*Snnnniiiiffffff!!!!* You smell that? The scent of crap is in the air, wafting in from the misguided views of prejudiced people. In reference to the unrest in Ferguson, I recently saw one woman – an African woman – opine that she wished that more people were just as upset about “Black on Black crime”. This image immediately sprang to mind.
I am not here to insult anyone who believes that Black on Black is a thing. Like an actual, legitimate thing. I’m just here to tell you that it’s fallacy… deflective tactic coined and hustled by the majority (and a great number of misguided Blacks) to get your mind off of the real issues and to participate in victim blaming. In short, the idea of Black on Black isn’t a solid enough theory to be a pile of shyte; it is mere the steam drifting away from said pile.
Close your eyes. Do you remember the first time – the VERY first time, mind you – that you heard/read the phrase “black on black crime”? I do. My mom was a faithful subscriber to Ebony magazine and maintained her subscription even when we moved to Ghana, West Africa. She had a pile of magazines that sat behind the wet bar that was featured in the center of our rented home. She didn’t allow liquor in the house, so the bar became a library of sorts. As an early teen, I flipped through one of those magazines, fascinated by images of American blackness that I was only familiar with through rap videos and month-long visits to the States every 3-4 years. The artwork for one particular article struck me as very profound. It was a big black square and within that square were the words:
‘The trouble with black on black crime is that you can’t see it.’
The words ‘black on black’ were themselves written in black so that they were barely visible. It was a powerful message, and coupled with the spate of John Singleton movies I had just been recently acquainted myself with, made an indelible impression on me. And so there I was, a Black girl, in Black Africa, afraid of Black Americans. I was afraid of them before I’d ever encountered them. I was convinced that black Americans, save for a few, were willfully sneaky and thieving and uncontrollably violent. At a young age, I was already convinced that somehow, their violence was just different. Never mind that just a month before one of my neighbors had run down the street screaming Julor! Julor!!! (thief) in Black West Africa in pursuit of what I can confidently say was a Black man/boy. But that wasn’t “black on black” violence. That was just a home invasion. Black on Black violence was only something folks whose used ‘nigga’ like it was their birth name and wore jehri curls did.
M.O.M Squad, we have all discussed the racializing of crime as it relates to Black folk before. David S. gave wonderful commentary on the subject. As he said, talking about black on black crime is nothing but a “smoke screen”. MX5 and I discussed this over coffee recently as well. Again, she makes a salient point:
“When Black people commit crimes against other Black people, it’s because of some personal affront. You talked about my momma, you stole my girl, you were standing on my turf selling when we’ve already made it clear that this is my corner and that is yours. We don’t do ‘senseless’ violence. There’s always a reason. We don’t go blowing up buildings or shooting up schools or movie theaters. We only kill/harm people we know.”
“Except for the DC Sniper,” I added.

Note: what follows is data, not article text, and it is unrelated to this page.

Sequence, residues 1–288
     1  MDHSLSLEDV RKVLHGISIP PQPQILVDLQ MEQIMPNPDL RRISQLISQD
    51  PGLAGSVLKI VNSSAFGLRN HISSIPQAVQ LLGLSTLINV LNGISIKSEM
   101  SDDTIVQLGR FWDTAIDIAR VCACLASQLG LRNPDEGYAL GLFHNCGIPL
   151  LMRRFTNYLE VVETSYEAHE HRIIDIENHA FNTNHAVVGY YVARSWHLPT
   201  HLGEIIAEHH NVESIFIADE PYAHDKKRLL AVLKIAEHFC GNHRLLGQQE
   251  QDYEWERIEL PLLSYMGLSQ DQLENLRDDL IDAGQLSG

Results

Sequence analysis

“Yes. And you remember how shocked we all were when his description came out!”
Then we chuckled and sipped more coffee and I mulled over her words.
Black people only kill/harm people we know; specifically, people we’re in close proximity to. But, doesn’t the same apply to other races and ethnic groups as well? The Triads, whose criminal resume includes contract killing, prostitution, counterfeiting, health care fraud, drug trafficking, human trafficking, extortion, murder, money laundering, arms trafficking, racketeering operate globally, and within markets where Chinese presence is high. You think a Chinese gang lord is really going to walk up to a group of Black women in an attempt to pimp them out? No. He’s going to find himself a nice down-and-out Chinese family, promise them a better future and sell their daughter’s body. He’s going to operate in the community he knows…where there is some level of kinship and enjoys the convenience of proximity. Same for the Native Americans, same for Eritrean gangs in Ohio, and the same for Adam Lanza who shot up his former elementary school. It is rare for a person of any race to venture too far outside of the confines of his/her community to commit a crime. It’s simply just too inconvenient.
I believe the coining of the term Black on Black crime and those who carelessly toss it out in response to racially motivated tragedy was and is perpetuating White Supremacy…and I’ve met my fair share of Black “White Supremacists”. These are people who think that American Blackness is inherently bad. They believe it is utterly incompetent. If they could, they would eradicate American Blackness altogether. These are the believers that if you “pull your pants up and enunciate you won’t get shot” crowd. As though MLK wasn’t in a buttoned-down collared shirt when he was shot in the face.
Don’t be fooled! Take the blinders off and see the light as I have! The idea of BOBC was created to get your mind off the source of our problems, just like welfare was created to appease an impoverished community when a fair and living wage would have done quietly nicely instead. Welfare was created to take away dignity, not to restore or enhance it. And telling Black people to concern themselves more with Black on Black crime rather than acknowledging that far too many communities in this country live under siege and constant threat by militarized police forces and under the shadow of disdain from American culture at large (unless we’ve got a ball or a mic in our hands!) is asinine.
So yeah…discuss. ↓